Thermodiffusion is the appearance of concentration gradient in a mixture when subjected to a temperature gradient. Thermodiffusion or Soret effect plays an important role in the underground reservoir distribution. Consequently, a majority of petroleum research is focused on understanding this phenomenon. There are may experimental measurements of thermodiffusion. However, measurements conducted in a microgravity environment minimize the effect of gravity and leads to accurate results.
This study demonstrates the influence of vibration on thermodiffusion measurement in a microgravity environment. The aim is to show how the variation of certain parameters such as the frequency and amplitude of translational vibration as well as the temperature would impact the composition of components in the mixture of Water-Isopropanol.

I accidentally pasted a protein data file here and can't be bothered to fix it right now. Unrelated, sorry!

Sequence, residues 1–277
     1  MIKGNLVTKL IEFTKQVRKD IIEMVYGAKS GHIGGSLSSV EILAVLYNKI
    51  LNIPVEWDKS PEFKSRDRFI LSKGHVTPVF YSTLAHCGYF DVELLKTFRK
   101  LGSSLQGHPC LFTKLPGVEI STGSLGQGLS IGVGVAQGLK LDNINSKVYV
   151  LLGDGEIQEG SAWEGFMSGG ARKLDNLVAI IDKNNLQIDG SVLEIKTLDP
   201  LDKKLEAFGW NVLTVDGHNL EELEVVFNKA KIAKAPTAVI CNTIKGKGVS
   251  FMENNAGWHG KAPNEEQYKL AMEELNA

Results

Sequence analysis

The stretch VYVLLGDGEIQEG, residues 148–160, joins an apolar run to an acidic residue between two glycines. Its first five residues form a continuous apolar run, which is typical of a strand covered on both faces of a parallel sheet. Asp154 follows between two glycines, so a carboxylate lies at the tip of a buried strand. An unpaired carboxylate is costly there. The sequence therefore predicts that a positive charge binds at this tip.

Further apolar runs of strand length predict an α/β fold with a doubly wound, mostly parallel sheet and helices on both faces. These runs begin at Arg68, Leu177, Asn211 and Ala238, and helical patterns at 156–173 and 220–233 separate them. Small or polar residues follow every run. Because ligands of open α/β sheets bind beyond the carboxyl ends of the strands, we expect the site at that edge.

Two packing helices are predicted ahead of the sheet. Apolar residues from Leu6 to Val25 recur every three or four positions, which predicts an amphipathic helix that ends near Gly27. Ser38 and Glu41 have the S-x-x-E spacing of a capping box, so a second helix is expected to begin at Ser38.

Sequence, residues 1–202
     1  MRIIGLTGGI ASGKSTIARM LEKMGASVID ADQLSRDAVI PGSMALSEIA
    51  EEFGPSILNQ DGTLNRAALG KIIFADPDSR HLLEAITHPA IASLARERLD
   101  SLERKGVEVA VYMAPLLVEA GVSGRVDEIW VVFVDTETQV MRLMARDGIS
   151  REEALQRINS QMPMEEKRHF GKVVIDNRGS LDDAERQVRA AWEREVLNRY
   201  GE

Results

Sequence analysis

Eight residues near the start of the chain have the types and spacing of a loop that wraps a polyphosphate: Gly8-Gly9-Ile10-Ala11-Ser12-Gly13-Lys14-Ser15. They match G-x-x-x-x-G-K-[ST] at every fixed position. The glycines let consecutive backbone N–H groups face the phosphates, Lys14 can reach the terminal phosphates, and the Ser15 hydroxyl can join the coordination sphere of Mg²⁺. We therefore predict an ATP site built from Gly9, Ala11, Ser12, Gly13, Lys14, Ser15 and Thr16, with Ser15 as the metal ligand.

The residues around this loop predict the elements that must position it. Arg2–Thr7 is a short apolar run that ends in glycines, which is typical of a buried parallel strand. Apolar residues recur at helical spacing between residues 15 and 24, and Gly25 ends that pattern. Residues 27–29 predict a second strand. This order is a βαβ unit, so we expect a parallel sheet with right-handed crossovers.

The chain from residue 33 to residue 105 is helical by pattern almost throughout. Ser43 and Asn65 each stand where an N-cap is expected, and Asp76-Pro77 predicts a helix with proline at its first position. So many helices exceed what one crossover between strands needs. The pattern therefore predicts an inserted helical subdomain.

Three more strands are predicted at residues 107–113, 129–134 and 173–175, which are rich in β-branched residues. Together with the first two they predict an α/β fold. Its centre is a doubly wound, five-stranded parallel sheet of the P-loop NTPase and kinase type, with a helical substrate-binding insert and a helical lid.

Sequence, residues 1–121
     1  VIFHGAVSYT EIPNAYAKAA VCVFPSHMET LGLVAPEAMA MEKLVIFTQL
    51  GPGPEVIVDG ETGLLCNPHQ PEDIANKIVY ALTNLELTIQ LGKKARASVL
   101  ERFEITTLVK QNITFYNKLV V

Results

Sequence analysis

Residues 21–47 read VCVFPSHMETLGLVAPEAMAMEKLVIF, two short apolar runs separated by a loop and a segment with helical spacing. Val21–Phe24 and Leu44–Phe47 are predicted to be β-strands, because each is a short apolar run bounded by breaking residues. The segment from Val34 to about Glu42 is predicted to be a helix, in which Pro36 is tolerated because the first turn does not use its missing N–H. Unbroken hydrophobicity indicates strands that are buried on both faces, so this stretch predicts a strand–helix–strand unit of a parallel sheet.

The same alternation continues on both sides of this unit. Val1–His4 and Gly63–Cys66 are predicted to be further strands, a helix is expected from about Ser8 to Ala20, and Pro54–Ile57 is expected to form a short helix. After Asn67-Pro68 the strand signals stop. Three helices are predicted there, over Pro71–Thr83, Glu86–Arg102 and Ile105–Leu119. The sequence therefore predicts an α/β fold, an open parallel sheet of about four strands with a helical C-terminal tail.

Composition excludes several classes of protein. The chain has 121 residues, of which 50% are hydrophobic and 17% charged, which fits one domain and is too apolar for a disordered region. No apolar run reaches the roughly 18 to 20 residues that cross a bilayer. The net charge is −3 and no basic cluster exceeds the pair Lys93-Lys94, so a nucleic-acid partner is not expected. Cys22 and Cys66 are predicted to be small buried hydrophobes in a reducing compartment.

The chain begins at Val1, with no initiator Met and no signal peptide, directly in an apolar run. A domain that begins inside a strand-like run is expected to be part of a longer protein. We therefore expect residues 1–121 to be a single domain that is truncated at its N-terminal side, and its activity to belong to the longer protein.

The Fast Fourier Transform image processing technique is used to analyse the data obtained from optical digital interferometry. Moreover, two sets of experimental runs with negative and positive Soret coefficients are tested.
The analysis shows the maximum separation of components for the case without any forced vibration. Furthermore, it is shown the increase in Rayleigh number corresponds to decrease in separation of components.